UBS was ordered to pay 1.8 billion euros by a French appeals court for helping wealthy clients evade tax, less than half of the penalty initially imposed on the Swiss bank in a court case that weighed on the lender for seven years.
After several delays in the case, a judge of the Paris Court of Appeal announced the amount of the penalty on Monday afternoon.
UBS was convicted in 2019 of helping wealthy clients evade tax payment following a landmark lawsuit in Paris. The court also ordered the bank to pay a record fine of 3.7 billion euros and an additional 800 million euros in damages, a penalty against which the bank has appealed.
The sanction pronounced Monday by the French court of appeal consists of 800 million euros in civil damages and a confiscation order of one billion euros. UBS has five days to appeal the decision and take it to the highest French court.
“The bank takes note of this decision”, declared Hervé Temime, lawyer representing UBS.
“Compared to the first instance decision, there is a financial gain of 2.7 billion euros, but it is a criminal conviction and therefore we will make our decision very quickly.”
The 2019 decision ended a seven-year investigation by French authorities that saw the bank accused of using James Bond-style tactics to illegally solicit customers and help them launder money.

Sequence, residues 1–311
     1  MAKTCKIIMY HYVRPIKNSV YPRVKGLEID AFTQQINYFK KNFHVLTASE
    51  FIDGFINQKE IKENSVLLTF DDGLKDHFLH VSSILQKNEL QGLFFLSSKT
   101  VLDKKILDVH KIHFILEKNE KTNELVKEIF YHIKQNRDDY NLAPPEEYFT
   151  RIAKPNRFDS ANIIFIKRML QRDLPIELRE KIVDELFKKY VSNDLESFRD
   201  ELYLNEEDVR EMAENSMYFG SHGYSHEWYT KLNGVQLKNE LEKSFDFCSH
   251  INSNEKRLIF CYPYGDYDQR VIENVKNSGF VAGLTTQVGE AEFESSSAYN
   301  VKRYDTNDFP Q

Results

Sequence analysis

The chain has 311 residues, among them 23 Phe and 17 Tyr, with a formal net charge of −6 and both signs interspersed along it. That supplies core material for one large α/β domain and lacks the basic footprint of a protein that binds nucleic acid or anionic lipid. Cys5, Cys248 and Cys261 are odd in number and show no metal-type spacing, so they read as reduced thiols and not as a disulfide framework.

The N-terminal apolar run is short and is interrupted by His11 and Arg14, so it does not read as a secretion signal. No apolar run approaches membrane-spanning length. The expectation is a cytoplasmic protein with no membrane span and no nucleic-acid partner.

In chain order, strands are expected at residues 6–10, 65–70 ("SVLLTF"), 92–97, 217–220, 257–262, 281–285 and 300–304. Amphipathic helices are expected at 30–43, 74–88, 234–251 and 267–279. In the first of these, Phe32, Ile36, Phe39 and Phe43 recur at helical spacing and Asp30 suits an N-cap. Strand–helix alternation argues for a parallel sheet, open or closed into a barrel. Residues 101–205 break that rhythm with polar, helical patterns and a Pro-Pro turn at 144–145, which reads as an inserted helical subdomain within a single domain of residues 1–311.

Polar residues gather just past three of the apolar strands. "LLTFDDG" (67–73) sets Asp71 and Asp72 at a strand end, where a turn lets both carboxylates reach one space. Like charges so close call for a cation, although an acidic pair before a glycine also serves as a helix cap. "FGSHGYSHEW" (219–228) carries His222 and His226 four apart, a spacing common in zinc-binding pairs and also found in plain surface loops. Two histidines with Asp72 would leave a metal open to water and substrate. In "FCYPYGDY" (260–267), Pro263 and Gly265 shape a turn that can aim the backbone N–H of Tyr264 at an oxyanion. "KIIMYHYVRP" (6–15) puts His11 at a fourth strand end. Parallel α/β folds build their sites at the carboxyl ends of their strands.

Prosecutors said UBS bankers used self-erasing hard drives, logo-less business cards and evasive tactics to travel around France in secret to illegally enlist clients at corporate events .
Whistleblowers alleged that UBS bankers solicited clients at opera houses, on hunting trips and at the Roland Garros tennis tournament.
UBS argued that even though its bankers came to France and attended social events, prosecutors lacked evidence of the solicitation.
At the time, Sergio Ermotti, then managing director of UBS, described the “superficiality of the verdict [as] astounding ”in a note to staff.
The affair was a stain on Ermotti’s nine-year record as head of UBS and weighed on his successor, Ralph Hamers, who took over last year.
After appealing the initial fine, UBS only set aside 450 million euros to cover legal costs related to the case.
During the appeal, the French authorities reduced the amount claimed to a maximum of 3.2 billion euros, consisting of a fine of 2.2 billion euros and up to 1 billion euros in damages -civil interests.
Earlier this year, UBS tried to overturn the original ruling on constitutional grounds, but a French court dismissed the challenge.
The French sanction follows similar tax rulings against UBS in the United States, where the bank was ordered to pay $ 78 million in 2009, and in Germany, where it was fined $ 300 million. euros in 2014. A parallel case in Belgium was settled last month, with UBS agreeing to pay 49 million euros.
UBS shares jumped nearly 3 percent after the latest move was announced.